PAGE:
I have a passionate interest in computational design, automation and sustainable design and have been able to explore these interests in the last year. As a pair, Andreas Maragakis and I have created a design tool to test different design solutions for the Northern Gateway Development acting as consultants for the Manchester City Council.

Our project addresses the contemporary challenge of achieving near future net-zero carbon policy through a theoretical framework. We have developed a design science based computational design tool to generate new urban developments and analyse electricity consumption versus generation via solar panels, the embodied energy and embodied carbon in each designed urban form.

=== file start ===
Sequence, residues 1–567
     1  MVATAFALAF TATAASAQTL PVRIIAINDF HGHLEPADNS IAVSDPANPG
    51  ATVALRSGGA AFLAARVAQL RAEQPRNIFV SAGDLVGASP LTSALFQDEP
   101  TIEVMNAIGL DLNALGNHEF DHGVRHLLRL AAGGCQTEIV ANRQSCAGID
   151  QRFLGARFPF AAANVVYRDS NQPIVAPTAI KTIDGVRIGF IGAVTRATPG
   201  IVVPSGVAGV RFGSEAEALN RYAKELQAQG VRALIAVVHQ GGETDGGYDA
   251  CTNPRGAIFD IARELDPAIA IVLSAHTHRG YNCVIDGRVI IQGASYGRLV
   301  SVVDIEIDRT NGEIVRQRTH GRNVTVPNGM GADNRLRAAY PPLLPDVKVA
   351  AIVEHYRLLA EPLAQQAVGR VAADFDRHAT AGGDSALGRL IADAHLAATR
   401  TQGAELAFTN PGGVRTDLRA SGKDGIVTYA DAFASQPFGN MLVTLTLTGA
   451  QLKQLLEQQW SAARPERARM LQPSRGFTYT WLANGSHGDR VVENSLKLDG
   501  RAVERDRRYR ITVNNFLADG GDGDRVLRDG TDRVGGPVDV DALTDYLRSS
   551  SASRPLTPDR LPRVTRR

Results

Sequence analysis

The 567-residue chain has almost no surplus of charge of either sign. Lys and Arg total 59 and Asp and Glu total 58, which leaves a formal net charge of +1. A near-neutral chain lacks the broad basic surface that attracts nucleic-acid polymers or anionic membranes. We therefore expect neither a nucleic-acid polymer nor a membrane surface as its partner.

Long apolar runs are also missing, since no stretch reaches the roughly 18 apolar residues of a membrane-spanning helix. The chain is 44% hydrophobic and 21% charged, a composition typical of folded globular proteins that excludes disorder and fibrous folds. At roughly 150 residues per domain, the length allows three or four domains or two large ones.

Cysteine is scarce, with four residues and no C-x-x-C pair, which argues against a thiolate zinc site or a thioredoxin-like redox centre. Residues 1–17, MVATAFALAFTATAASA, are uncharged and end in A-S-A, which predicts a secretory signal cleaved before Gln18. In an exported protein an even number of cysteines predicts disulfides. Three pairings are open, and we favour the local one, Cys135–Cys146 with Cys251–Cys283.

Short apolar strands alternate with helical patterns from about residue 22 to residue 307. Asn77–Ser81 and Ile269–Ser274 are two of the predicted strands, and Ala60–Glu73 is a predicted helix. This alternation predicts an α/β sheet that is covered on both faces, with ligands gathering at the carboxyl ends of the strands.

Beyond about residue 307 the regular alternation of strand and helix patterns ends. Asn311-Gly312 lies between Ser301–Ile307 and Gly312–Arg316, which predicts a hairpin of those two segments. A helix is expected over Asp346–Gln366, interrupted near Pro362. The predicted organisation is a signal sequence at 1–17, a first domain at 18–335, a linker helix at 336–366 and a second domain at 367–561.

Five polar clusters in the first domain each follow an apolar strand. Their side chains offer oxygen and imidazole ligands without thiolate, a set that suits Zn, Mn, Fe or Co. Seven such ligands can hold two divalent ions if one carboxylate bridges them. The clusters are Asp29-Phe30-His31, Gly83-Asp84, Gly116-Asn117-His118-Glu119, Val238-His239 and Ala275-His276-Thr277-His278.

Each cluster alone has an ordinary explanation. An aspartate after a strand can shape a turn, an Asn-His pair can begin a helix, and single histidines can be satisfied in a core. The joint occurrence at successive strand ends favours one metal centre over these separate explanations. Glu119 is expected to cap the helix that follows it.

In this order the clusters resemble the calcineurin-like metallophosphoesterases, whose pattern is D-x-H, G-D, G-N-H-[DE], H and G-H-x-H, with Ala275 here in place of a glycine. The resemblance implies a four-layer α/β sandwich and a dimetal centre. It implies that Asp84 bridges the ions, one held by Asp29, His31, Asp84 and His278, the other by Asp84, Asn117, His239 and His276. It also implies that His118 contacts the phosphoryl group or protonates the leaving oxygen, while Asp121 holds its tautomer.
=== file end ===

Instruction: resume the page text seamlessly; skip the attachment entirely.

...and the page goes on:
We have designed the tool to generate a new sustainable urban form. This is achieved through a series of generative, analytical and iterative steps. Our tool enables manual user input of site parameters, several design preferences and considerations by a designer. Our computational construct goes through a design automation stage through which multiple versions of a potential urban form is generated based on the input parameters.

The generative design process involves integration of multiple aspects such as street patterns and typological massing. The generated urban patterns (morphology) is then analysed automatically for benefits and contradictions related to solar gain for photovoltaic (PV) energy generation (southern façades) and energy consumption loads. The massing is then optimised to maximise solar benefits. The process allows quantification of energy in use, embodied energy in the built form and potential generation of new renewable energy through PVs. The tool we have built allows an iterative process that can be repeated multiple times towards an understanding of the best balance between urban density, typologies, orientation, PV coverage and balance between energy consumption and use.